Barbary Coast’s Don Glasgo to direct his final Carnival concert
The “elevator music” conception of jazz is not the kind of music to be expected from the Barbary Coast Jazz Ensemble’s 41st Annual Winter Carnival Concert. Featuring visiting artists Joe Bowie, Steven Bernstein, Bahnamous Bowie and JT Lewis, the concert will feature big band interpretations of musical genres such as funk, R&B, jazz and the James Bond movie soundtrack.
Barbary Coast director Don Glasgo said that the title of the concert reveals how the music played cannot necessarily be considered traditional jazz — he instead called it “all dance music.”
“Old fashioned jazz is dance jazz, it’s all dance music,” he said. “In terms of the abstract side of jazz, there’s nothing we’re doing like that. [The music] is all groove based and high energy.”
Bernstein said that the ensemble’s big band style is not traditional, but rather “big band plus.” He said that his and Joe Bowie’s musical styles are oriented toward funk and blues and that the music of the concert will be familiar melodies played in a big band style.
“It’s not the jazz your grandparents used to listen to,” he said.
There will be some continuity, however, in the instruments used to produce jazz music. Lewis will play drums, Bernstein will play trumpet and slide trumpet, Bahnamous Bowie will play keyboards and Joe Bowie will play trombone and provide vocals for the Winter Carnival concert.
The concert will also feature music from the soundtrack of James Bond films, including the songs “Dr. No” and “The Spy Who Loved Me.”
“I had been doing film music for a while, and I realized what my next project should be,” Bernstein said. “I realized James Bond’s [film] music is probably music known by most people all over the world. I thought I would play that music since everyone knows it, but I would do my own take on it.”
Bernstein said that he enjoys playing music that other people will enjoy listening to, and that he thought it was important for music to reach people. When Bernstein was younger, he saw Joe Bowie’s band, the legendary punk-funk-jazz group Defunkt, play in New York City, New York multiple times. Bernstein said that their performances made him realize that one must play music that listeners enjoy while also maintaining the jazz genre. Like Joe Bowie, Bernstein also serves as a bandleader for jazz bands such as the Millennial Territory Orchestra and Sex Mob.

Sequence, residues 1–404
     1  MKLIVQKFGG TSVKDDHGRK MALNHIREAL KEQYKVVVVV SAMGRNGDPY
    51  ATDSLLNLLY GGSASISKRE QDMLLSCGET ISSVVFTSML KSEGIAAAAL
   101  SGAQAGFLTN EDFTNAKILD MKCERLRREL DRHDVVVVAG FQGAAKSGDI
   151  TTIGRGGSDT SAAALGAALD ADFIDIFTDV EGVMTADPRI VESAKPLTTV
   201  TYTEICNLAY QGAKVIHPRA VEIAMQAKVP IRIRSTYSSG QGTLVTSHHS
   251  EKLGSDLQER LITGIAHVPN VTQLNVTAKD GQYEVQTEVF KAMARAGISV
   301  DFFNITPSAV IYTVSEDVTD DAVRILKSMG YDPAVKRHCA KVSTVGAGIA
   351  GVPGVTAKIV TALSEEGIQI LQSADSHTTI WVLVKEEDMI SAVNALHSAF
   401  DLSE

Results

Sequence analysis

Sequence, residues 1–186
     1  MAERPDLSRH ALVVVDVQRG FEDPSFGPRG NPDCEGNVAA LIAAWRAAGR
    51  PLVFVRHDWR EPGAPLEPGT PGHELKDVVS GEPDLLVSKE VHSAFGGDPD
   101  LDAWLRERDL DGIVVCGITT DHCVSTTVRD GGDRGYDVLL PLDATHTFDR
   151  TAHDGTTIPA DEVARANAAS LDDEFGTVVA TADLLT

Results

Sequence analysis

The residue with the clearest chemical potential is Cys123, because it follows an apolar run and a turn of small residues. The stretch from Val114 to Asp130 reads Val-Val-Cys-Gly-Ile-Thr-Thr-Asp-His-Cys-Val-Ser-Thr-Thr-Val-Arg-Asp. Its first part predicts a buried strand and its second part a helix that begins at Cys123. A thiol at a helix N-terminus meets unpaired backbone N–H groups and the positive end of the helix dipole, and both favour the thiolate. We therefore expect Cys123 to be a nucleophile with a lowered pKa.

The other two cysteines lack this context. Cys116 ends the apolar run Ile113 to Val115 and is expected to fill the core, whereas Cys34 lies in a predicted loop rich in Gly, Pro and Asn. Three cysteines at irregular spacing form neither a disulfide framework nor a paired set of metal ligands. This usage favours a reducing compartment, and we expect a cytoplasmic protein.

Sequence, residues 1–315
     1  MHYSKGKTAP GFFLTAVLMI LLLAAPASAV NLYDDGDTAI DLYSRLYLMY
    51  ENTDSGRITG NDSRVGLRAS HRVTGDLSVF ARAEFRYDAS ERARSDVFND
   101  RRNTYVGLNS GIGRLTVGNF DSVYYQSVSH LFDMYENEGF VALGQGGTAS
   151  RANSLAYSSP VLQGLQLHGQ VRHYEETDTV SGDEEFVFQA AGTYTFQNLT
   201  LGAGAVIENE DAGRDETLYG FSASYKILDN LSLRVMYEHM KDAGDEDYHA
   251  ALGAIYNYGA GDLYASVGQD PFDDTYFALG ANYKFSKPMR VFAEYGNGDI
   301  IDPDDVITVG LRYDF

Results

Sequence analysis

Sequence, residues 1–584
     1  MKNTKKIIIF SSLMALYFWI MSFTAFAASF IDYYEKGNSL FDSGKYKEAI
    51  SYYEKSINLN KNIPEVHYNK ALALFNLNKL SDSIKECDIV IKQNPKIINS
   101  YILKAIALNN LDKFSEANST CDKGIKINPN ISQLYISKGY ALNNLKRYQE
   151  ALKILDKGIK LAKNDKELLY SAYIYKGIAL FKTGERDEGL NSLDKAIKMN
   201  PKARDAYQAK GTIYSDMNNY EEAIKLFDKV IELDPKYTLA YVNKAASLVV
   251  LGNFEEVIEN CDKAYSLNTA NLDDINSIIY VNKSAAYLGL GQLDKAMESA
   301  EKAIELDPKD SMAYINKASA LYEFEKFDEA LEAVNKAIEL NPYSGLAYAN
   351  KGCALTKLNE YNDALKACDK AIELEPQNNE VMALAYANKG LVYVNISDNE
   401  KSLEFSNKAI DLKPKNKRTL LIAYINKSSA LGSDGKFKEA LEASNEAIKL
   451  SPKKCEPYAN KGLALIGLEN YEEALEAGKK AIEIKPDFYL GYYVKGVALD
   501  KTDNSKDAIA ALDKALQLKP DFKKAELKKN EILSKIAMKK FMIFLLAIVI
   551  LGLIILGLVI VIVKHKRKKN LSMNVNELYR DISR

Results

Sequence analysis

“What jazz originally was were songs everyone knew and what they called ‘jazzing it up,’” Bernstein said. “[Jazz musicians] played melodies people knew, and a lot of early jazz is from opera melodies, because in New Orleans, [Louisiana], there was a big Italian population, and everyone knew the opera melodies. So they threw those into these jazz songs — [the genre has] always done that.”
This is Bernstein’s third time in residence as a visiting artist in conjunction with programming under the Hopkins Center for the Arts and Joe Bowie’s fifth time in residence on campus.
Bowie said working with students is always refreshing because they have not been influenced by other methods of learning music. He said that there is a lot of room for understanding and reception of new ideas.
“One of the students heard me scatting and wanted to know how to scat things,” Joe Bowie said. “I told him ‘Sure,’ because he wanted to know, he wanted to understand it. That’s an unusual situation. These kids are hungry for something fresh.”
Bernstein said that the students at Dartmouth are exceptionally smart, driven, motivated and open-minded people.
“[Students] like having outside influences come in,” Bernstein said. “[People like] Joe and I are part of the rest of the world, and we travel. I might have different insights because I go out into the world, and we have to create our own living. It’s about learning to be an entrepreneur and think outside the box. Manifest your ideas, not just have them.”
Bernstein and Joe Bowie will be collaborating on stage for the first time since their first meeting in 1979, Glasgo said. After having seen each other perform for over 30 years, Glasgo said that a unified vision and the different approach for this concert is part of the two artists’ collaboration.
This Friday’s concert will also be Glasgo’s last winter concert. This is his 39th year working as director of the Barbary Coast Jazz Ensemble. In the Upper Valley, Glasgo leads his own professional band, Sol Food, and is the founder and director of the educational program, JAZZology, through which he has also collaborated with Joe Bowie.
Glasgo said that he hopes that his replacement will be able to continue a legacy of bringing in artists the way he has for the past 39 years. Bernstein said that Glasgo is a very humble person, and that he has done something very unique for the College.
“He’s brought the greatest living jazz musicians in history, something [some] music schools don’t even get to do,” Bernstein said.
Joe Bowie said that Glasgo has infused the Upper Valley with culture through his programs and work as director of the jazz ensemble.
“Glasgo is going to be a hard act to follow,” Bowie said. “He’s been bringing culture to this valley for 40 years. This man is going to be hard to replace.”
Barbary Coast will be performing its Winter Carnival Concert on Feb. 10 at 8 p.m. in Spaulding Auditorium.